Bowry Lane 3
Walking down the Bowry Lane 3, a yearly group exhibition at the Judith Charles Gallery in New York, one encounters a variety of expression and media pertinent to the contemporary artistic practice. From vivacious, patchy mural, over humorous, yet gut-wrenching statements, to fleecy synthetic installations, viewer can relish in the spirit of the moment conjured by Jason Woodside, George Horner, Mauro Bonacina and Shoplifter. Two of the showcased creatives are represented by the gallery and the other two selected from the rich local scene.
Bowry Lane 3 is the place that satisfies the craving for eclectic contemporary art, on view through August 9, 2014, while opening reception is scheduled for July 16.
Versatile body of work of Mauro Bonacina delves into sculpture, painting and performance equally, while often combining media. His pieces investigate the significance of a single gesture, idea, or an object, focusing on extracting the dramatic value from the concept. His works are often absurd, yet always refined, never abandoning the aesthetics so universally related to the world of art. His Lost in Space III is made of thousands of deflated helium balloons, evoking their original purpose and the tendency to get lost in the sky if we release them for only a moment, while it simultaneously creates a new formulation of beauty, in which these aerial objects were never meant to dwell. The drama of losing one’s joy has now been transformed into a joy of another.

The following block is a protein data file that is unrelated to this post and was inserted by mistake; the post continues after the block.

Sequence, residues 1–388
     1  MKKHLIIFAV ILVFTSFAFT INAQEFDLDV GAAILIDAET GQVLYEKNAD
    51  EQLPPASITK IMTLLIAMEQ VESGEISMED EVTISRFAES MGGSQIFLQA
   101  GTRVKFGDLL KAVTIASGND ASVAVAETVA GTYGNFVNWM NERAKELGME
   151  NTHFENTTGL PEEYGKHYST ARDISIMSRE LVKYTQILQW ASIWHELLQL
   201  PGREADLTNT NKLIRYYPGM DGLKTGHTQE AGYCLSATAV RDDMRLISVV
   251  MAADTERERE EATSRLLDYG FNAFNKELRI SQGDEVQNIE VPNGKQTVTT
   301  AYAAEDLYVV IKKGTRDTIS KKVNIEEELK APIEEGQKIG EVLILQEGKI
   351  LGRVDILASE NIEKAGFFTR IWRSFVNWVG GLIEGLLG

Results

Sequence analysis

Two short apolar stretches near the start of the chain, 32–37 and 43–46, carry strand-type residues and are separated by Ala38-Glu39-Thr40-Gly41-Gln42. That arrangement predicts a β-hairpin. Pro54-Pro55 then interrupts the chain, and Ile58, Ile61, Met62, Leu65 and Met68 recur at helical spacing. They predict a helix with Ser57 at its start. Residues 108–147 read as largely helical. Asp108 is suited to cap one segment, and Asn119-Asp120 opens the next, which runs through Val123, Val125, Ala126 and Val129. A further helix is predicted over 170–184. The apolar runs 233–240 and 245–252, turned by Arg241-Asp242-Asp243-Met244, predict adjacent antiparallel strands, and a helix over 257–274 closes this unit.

Mauro Bonacina is a London based artist originally from Milan, present at the British scene since the beginning of 2000s.
Exuberant large-scale patchwork created by Jason Woodside is perhaps the most visually imposing part of the show. The artist has so far adorned many indoor and outdoor spaces and merchandise with his kaleidoscopic visions, dispersing buoyant abstract messages on various levels. Founded on clear geometric patterns, Woodside’s mural is carefully painted, while it explodes in color nevertheless, challenging the viewer to explore and dive into the imaginative world of sheer happiness. Patterns give his work a sense of order, as he follows them religiously and breaths life into it with color.
Somewhat flashy, yet decorative, Jason Woodside’s work was included in collaborative projects with Adidas, Obey, Michel Roux, and the New Museum, to mention only a few.
Achingly funny. That is the oeuvre of George Horner, described in two words. Selecting a visual arts to convey his powerful messages, Horner delivers insults along with downers, all packed in a shiny wit, with an intelligent bow on top. He touches the deepest concerns and fears in everyone, mocking them gently, in such a charming way that laughter is an inevitable reaction. Oeuvre of George Horner consists predominantly of neon writings and posters, the latter exhibited at Bowry Lane 3, uncompromising and even brutal in essence, putting even the snottiest among us in their place, or simply inviting the masses to – “enlighten up”. The base for reduced style, focused on letter forms, is rooted deeply in the conceptual art movement, as Horner pays an homage to the father of concept, Marcel Duchamp, in one of his pieces. Since the mid-70s, this wonderful artist has been lifting the spirits of the art world across the USA and Europe alike.
Shoplifter is the moniker of Hrafnhildur Arnardottir, an artist whose medium of choice is either synthetic or real hair. Her works at Bowry Lane 3 are warm and tactile, invoking fuzzy gut feeling and familiarity. Passionate about textile, Shoplifter has exhibited internationally and realized numerous collaborations, including the ones with Björk, Adidas and the fashion brand VPL.